By Oren Yiftah'el, Geography Department, Ben-Gurion University (translated by Mike Raphaeli)

The controversy regarding the refusal to serve in the territories has so far focused primarily on condemning the refuseniks (see e.g. Nadav Ha'etzni, "The most contemptible of our boys", published in Ma'ariv, March 1), under authority of the state and questions of conscience. Another critical dimension--which was hardly debated--is the geographic topic. The refuseniks have raised a significant point: the state has no authority to impose its jurisdiction on people outside its recognized borders.

The global political order is founded on states with internal sovereignty, that is to say, on their ability to enforce their laws. But state sovereignty is limited to its recognized territory. Therefore there is no basis for the arguments of those who equate the refusal to participate in occupation (which is illegal) and the possibility of the future evacuation of settlements.

Occupation and settlements are patently illegal. Therefore, all those who take part in them (the state, the settlers and their supporters) are the genuine legal refuseniks. According to international law, the refuseniks [to serve in the Territories] are the perfect citizens. Even the State of Israel, under all right-wing governments, has never annexed the settlements, which is a clear indication of their illegality.

Beyond the current controversy, the debate on refusal to serve in the territories has revealed the disastrous conditions in which the Israeli society finds itself. It could be called "regional blindness." It is a blindness which removes from the debate the question of "where" which is very significant to understanding the reality of ethnic conflicts. For many years, Israel has eradicated the "Green Line" from all official documents and from textbooks. A new generation is growing up who is not even aware of the international boundaries of our country.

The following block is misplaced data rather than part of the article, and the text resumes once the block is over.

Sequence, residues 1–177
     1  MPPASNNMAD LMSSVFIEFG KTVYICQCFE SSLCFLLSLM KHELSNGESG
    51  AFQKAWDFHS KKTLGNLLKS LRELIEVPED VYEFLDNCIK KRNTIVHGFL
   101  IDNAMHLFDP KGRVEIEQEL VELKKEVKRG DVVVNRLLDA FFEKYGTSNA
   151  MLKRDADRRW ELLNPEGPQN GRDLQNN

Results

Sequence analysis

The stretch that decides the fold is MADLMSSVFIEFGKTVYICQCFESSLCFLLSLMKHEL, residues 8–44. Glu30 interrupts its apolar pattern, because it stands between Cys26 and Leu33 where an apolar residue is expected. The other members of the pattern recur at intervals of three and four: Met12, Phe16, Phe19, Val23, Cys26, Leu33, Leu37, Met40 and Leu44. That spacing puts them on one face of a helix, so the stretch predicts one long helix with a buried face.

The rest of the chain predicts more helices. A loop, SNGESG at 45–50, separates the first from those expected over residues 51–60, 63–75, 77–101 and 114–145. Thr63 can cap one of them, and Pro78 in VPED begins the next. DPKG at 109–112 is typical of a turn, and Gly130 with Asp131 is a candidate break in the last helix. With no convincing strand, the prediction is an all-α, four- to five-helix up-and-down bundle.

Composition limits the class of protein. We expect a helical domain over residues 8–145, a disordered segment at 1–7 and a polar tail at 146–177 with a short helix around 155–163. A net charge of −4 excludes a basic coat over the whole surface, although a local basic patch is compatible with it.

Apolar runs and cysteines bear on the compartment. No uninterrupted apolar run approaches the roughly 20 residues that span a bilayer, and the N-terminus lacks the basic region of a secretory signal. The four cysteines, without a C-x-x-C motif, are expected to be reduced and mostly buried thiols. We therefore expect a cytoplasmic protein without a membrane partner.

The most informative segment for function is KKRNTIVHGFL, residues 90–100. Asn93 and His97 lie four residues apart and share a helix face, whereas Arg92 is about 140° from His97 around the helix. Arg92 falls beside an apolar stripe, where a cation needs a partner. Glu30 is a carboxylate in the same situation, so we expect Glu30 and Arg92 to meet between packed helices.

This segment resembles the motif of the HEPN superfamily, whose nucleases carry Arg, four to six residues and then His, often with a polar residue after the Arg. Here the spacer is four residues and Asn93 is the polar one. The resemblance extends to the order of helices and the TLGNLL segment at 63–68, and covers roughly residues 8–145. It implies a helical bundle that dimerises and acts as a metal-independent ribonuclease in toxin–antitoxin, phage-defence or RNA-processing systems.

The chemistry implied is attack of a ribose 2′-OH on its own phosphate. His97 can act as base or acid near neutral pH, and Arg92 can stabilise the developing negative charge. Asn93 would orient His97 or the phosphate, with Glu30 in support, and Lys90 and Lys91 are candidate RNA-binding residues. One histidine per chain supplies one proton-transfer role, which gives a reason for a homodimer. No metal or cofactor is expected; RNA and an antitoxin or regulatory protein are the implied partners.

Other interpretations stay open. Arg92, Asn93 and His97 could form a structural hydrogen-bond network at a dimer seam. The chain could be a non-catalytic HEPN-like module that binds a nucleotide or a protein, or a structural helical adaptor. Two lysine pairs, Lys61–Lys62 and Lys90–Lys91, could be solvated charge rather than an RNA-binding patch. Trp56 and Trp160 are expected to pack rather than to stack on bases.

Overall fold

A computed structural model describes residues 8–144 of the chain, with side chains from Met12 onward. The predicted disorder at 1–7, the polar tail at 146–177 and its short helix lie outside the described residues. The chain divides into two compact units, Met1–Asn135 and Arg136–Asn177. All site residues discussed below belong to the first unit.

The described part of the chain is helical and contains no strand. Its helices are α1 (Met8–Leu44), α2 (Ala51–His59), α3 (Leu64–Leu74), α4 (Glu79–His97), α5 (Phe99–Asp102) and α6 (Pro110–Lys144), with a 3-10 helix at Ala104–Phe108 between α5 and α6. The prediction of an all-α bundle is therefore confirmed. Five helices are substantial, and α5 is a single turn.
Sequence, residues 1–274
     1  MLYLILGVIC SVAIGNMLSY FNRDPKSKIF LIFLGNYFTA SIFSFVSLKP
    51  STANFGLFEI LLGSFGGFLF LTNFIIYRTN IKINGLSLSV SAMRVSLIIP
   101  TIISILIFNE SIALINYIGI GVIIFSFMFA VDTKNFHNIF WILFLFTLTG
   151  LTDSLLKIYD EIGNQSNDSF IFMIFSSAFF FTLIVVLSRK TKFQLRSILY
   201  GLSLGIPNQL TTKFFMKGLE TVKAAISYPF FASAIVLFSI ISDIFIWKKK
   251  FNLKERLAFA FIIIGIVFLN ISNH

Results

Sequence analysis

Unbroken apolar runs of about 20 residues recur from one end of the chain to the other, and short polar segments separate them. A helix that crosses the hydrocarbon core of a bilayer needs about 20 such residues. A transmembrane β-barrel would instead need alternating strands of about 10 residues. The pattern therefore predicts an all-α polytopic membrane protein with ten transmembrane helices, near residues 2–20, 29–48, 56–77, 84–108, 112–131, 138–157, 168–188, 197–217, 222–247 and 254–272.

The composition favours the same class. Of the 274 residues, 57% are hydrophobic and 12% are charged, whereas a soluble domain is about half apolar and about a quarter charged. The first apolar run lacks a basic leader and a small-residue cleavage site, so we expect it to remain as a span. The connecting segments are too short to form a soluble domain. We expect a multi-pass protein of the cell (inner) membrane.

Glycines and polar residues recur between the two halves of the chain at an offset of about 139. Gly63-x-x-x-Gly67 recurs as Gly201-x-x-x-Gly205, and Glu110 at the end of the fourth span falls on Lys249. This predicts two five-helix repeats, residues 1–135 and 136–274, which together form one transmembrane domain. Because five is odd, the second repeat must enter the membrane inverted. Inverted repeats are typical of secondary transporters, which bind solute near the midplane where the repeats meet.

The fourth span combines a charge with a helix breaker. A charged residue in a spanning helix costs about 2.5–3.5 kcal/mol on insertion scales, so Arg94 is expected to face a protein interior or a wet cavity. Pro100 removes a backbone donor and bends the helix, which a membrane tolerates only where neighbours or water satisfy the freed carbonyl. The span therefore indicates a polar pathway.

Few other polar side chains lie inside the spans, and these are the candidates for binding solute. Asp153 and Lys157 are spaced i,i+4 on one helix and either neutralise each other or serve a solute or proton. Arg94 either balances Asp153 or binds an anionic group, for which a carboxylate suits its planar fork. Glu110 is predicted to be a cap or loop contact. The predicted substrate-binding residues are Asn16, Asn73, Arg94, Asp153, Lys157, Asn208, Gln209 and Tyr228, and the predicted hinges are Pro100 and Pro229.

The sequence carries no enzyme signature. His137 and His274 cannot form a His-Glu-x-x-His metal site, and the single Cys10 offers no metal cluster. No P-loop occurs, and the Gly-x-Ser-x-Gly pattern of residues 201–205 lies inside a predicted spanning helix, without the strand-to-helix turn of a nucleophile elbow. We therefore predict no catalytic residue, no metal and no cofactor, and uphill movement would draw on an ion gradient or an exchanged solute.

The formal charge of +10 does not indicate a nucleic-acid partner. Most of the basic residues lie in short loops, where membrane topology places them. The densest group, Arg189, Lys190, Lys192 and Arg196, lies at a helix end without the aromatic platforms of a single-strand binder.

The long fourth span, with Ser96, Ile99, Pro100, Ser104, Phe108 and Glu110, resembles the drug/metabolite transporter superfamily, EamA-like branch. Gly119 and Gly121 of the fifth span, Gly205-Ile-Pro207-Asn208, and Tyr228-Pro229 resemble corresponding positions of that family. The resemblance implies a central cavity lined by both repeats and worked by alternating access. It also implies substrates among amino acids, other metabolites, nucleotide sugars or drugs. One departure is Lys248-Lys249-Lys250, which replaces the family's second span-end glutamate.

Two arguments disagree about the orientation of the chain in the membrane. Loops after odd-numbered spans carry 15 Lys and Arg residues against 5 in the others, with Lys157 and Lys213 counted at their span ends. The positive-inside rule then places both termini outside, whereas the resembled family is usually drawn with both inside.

We are inundated daily with expressions such as "terror," "Arabs," "Jews," "settlements," "homeland," and even "Jerusalem" without reference to their location and political status. Occupation and settlements have disappeared from the Israeli dialogue, and settlements are increasingly mentioned as an integral part of the state. Why is "regional blindness" disastrous? Here are three reasons:

First, breaching "our" regional boundaries harms the effective defense of our citizens. "Regional blindness" prevents the various arms of the government to carry out their most basic responsibility--establishing borders and protecting innocent citizens from murderous Palestinian violence.

Second, the "regional blindness" impels many Israelis to accept occupation and settlements as givens, while the refuseniks are condemned as causing national division. But if we look in a regional perspective we will find out that it is precisely the settlers who divide the people. After leaving the state's sovereign territory, the solidarity they are seeking with it requires the continuation of the occupation, and leads to Palestinian uprising, the destruction of democracy and international isolation. The settlers' impossible demand for "unity" leads to inevitable division in the nation. And perhaps even to fraternal war.

Third, and most important, this regional blindness is causing the disintegration of the State of Israel as a political entity. The blurring of borders and the establishment of 140 settlements has created a condition of continued apartheid in the territories and the alienation of the Arab minority in Israel.

Against this background, there are many Palestinian voices, including those of ministers in the Arafat government, who are calling for a "South African" struggle for equal rights in all of Israel, instead of a war for a poor and disjointed state. Every intelligent person realizes that this strategy is more tempting over time since they will become a majority soon between the Jordan and the sea. Under a bi-national state, the problem of refugees could be solved easily, and many Palestinians can find jobs in the developed Jewish economy.

The Islamic organizations in the Territories and a large number of Israeli Arabs are joining these voices. In other words, many among the Palestinian people are reacting to the long occupation by discarding the dream of an independent Palestinian state. But it is important to remember: If there were no Palestinian state there will be no State of Israel!

Thus, the refuseniks are providing a real service to the Israeli society--not only are they generating an important debate on the moral degradation of enslaving another people, but they are also sharpening the unavoidable geographic truth: If the occupation is not terminated and the settlements are not evacuated, there will simply be no Israel.

Oren Yiftah'el